Touriosity Travelmag|July 2018

Of all the bird sanctuaries that we have grown up hearing about, Bharatpur Bird Sanctuary in Rajasthan has perhaps been the most popular one.

Sanchita Dasgupta
It was earlier known as Keoladeo National Park. It was originally named Keoladeo Ghana National Park, where Ghana would stand for ‘dense’ due to the density of rich forest here. It is a 250-year-old avifauna sanctuary. There have been thousands of rare and endangered migratory birds here, most of which are not seen anymore. During winter migratory birds can be seen.

Bharatpur Bird Sanctuary is a UNESCO World Heritage Site and was declared a protected sanctuary in 1971. The sanctuary is not only a very popular tourist spot, it is also a pilgrimage of sorts for ornithologists, and even a photographer’s paradise. Lohagarh Fort, Banke Bihari Temple, Laxman Temple and Ganga Maharani Temple are other areas of interest in Bharatpur. Ornithologist and Salim Ali had done his best to create the Keoladeo National Park. The name was derived from the ancient Keoladeo or Shiva temple which was present inside the boundaries.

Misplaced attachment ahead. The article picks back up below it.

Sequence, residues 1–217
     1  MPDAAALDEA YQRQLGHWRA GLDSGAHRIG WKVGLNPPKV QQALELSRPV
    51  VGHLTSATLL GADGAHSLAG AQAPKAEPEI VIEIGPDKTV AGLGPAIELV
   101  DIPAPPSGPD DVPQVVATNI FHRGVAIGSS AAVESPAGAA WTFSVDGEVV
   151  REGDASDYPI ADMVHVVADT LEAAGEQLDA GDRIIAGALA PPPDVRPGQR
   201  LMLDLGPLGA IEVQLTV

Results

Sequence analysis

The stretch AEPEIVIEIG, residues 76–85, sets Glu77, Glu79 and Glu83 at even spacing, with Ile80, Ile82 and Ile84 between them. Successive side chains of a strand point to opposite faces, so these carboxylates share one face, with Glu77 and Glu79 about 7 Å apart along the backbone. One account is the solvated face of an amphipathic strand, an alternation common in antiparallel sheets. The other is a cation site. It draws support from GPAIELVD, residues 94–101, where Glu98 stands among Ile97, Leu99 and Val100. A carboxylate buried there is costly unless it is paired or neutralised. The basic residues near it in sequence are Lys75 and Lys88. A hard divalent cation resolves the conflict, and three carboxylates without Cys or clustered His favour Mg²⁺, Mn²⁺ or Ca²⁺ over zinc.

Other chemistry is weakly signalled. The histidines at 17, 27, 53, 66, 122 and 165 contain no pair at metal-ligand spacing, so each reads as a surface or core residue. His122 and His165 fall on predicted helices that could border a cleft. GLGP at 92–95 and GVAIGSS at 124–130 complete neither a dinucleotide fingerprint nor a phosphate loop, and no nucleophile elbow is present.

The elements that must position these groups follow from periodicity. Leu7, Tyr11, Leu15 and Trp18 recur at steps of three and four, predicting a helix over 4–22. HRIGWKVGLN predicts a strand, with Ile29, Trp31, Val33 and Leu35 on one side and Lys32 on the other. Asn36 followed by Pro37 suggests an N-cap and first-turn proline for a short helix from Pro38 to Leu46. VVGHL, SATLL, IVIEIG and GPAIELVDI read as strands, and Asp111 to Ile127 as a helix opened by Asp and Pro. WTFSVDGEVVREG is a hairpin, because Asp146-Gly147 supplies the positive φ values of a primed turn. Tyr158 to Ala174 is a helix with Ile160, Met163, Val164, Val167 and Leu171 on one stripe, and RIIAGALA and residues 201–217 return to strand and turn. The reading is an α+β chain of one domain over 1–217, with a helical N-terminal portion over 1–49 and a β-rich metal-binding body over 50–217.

The natural depression of the land at this area used to get flooded every year. Maharaja Suraj Mal, ruler of the state of Bharatpur, had constructed Ajan Bund, a reservoir here at the confluence of two rivers Gambhir and Banganga in the 18th century to save the land. The depression created by extraction of soil for the dam was cleared, paving the way for the creation of Bharatpur Lake. This sanctuary is perhaps the only habitat created not naturally but by a maharaja. It was a game hunting ground for the Maharajas, with ducks and other game birds such as teal and mallards in abundance. It was a tradition to conduct the annual duck shoot by the Maharajas for the British viceroys.



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July 2018